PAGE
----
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Australia’s changing international strategy: balancing the U.S.-China relationship

Australia’s international strategy must consider the evolving US-China relationship and its implications, writes Michael Keating, former Secretary of the Department of Prime Minister and Cabinet in a recent article in the East Asia Forum.

Australian Foreign Minister, Penny Wong, acknowledges that while the United States will remain important, it will no longer dominate Asia.

Instead, Australia aims to establish a region where no country holds absolute power.

China’s growing economy surpassed that of the US in 2016, challenging the notion of US dominance.

However, the US seems reluctant to acknowledge this shift.

Australia's changing international strategy: balancing the U.S.-China relationship. (Photo Internet reproduction)
Australia’s changing international strategy: balancing the U.S.-China relationship. (Photo Internet reproduction)

The US, with Australia’s support, seeks to preserve a “rules-based order,” but it primarily serves US interests, not the United Nations Charter, writes Keating.

China may propose changes to the existing order, which could be accommodated by other Indo-Pacific nations.

Promoting an inclusive framework of norms, rules, and consultations that involve China could constrain undesirable behavior.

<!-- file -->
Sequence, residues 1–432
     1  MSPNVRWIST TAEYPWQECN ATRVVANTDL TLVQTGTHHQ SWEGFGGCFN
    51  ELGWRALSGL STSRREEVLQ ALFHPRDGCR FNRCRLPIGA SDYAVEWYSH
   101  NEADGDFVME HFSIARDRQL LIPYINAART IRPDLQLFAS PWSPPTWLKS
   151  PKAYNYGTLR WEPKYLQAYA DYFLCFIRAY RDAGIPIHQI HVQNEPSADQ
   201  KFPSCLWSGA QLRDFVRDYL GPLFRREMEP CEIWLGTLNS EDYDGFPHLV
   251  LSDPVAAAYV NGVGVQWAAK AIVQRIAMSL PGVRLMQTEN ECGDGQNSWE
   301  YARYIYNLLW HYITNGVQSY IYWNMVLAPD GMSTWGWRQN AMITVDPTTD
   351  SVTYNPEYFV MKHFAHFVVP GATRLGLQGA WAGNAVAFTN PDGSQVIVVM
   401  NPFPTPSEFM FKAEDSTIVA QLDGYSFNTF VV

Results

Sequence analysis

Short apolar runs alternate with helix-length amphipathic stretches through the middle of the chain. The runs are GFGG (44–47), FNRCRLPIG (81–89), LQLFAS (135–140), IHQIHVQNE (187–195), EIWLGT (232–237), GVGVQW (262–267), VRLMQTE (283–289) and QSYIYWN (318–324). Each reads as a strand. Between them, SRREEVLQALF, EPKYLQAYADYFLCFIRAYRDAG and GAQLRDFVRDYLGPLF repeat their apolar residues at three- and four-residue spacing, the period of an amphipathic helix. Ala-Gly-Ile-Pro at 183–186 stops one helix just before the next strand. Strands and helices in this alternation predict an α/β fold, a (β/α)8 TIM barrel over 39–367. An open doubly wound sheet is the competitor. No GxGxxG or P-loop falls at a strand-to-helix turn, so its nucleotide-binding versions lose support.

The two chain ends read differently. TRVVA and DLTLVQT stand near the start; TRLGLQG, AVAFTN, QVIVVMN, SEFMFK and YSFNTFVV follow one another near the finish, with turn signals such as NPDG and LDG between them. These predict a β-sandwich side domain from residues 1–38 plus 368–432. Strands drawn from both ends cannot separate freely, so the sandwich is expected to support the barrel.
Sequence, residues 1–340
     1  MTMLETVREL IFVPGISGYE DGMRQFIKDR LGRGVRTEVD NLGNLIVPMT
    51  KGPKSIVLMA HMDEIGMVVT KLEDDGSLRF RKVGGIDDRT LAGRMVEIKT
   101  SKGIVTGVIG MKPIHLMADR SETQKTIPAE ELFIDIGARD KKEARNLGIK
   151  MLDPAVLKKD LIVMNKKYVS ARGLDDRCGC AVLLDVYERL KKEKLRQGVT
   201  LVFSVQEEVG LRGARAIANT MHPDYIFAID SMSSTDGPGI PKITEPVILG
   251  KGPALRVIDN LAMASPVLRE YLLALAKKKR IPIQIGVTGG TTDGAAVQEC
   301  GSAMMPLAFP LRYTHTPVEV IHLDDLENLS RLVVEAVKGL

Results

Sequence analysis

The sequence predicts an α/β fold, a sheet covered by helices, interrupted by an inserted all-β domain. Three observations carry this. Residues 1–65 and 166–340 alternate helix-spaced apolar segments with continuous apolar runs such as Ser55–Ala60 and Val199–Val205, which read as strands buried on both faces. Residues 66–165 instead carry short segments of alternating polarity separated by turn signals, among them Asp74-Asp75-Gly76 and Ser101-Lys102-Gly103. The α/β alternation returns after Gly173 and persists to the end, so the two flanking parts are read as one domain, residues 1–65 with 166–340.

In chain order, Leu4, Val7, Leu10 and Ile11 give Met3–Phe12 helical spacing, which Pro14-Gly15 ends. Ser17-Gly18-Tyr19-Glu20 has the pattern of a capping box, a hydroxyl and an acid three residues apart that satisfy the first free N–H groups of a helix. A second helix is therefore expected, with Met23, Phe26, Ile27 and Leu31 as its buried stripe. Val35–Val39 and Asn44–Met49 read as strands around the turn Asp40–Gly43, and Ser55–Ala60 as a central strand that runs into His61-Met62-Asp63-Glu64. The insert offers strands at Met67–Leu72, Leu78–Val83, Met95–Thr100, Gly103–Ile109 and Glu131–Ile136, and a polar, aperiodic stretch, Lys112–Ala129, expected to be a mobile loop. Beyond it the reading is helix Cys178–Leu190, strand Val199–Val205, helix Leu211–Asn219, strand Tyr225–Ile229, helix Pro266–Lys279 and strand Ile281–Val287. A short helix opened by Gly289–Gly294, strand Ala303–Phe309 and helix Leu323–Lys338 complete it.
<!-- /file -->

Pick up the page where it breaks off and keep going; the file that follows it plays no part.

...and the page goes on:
However, the US also disregards or bends rules when it suits its interests, as seen in unauthorized trade sanctions on China.

Australia should advocate for a multipolar international governance system, urging the US to share power.

Australia faces a contradiction in its foreign and defense policies.

While acknowledging the multipolar reality of the region, Australia remains tied to a US alliance that does not.

The region desires neutrality and governance arrangements that address the reasonable demands of all countries.

Australia’s credibility in the region weakened under former Prime Minister Scott Morrison, who was perceived as aligning too closely with the US, analyzes Keating.

Aligning with the Association of Southeast Asian Nations (ASEAN) position could allow Australia to bridge the gap between Beijing and Washington, enhancing its regional standing.

Australia’s subservience to the US is largely rooted in its perception of defense dependence.

However, Australia must identify its own interests and act accordingly.

The potential US-China conflict over Taiwan poses a threat to Australia’s sovereignty, but it should assess its own capabilities and ensure control over its defense decisions.

Australia should push back against China when its interests and values are challenged, affirms the author.

Cooperation, disagreement, and engagement in Australia’s national interest should guide its actions.

Working with other nations, even if they don’t fully align with liberal values, can strengthen Australia’s ability to address concerns and promote dialogue.

Australia’s interests lie in working with both China and the US, necessitating collaboration with like-minded regional countries.

If required, Australia should reduce subservience to the US, concludes Keating.

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